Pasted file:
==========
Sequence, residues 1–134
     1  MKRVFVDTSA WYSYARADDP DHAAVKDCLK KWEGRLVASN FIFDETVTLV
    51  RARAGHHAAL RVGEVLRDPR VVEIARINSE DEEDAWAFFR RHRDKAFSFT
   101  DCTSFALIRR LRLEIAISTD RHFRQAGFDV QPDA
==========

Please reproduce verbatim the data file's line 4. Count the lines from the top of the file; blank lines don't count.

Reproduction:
   101  DCTSFALIRR LRLEIAISTD RHFRQAGFDV QPDA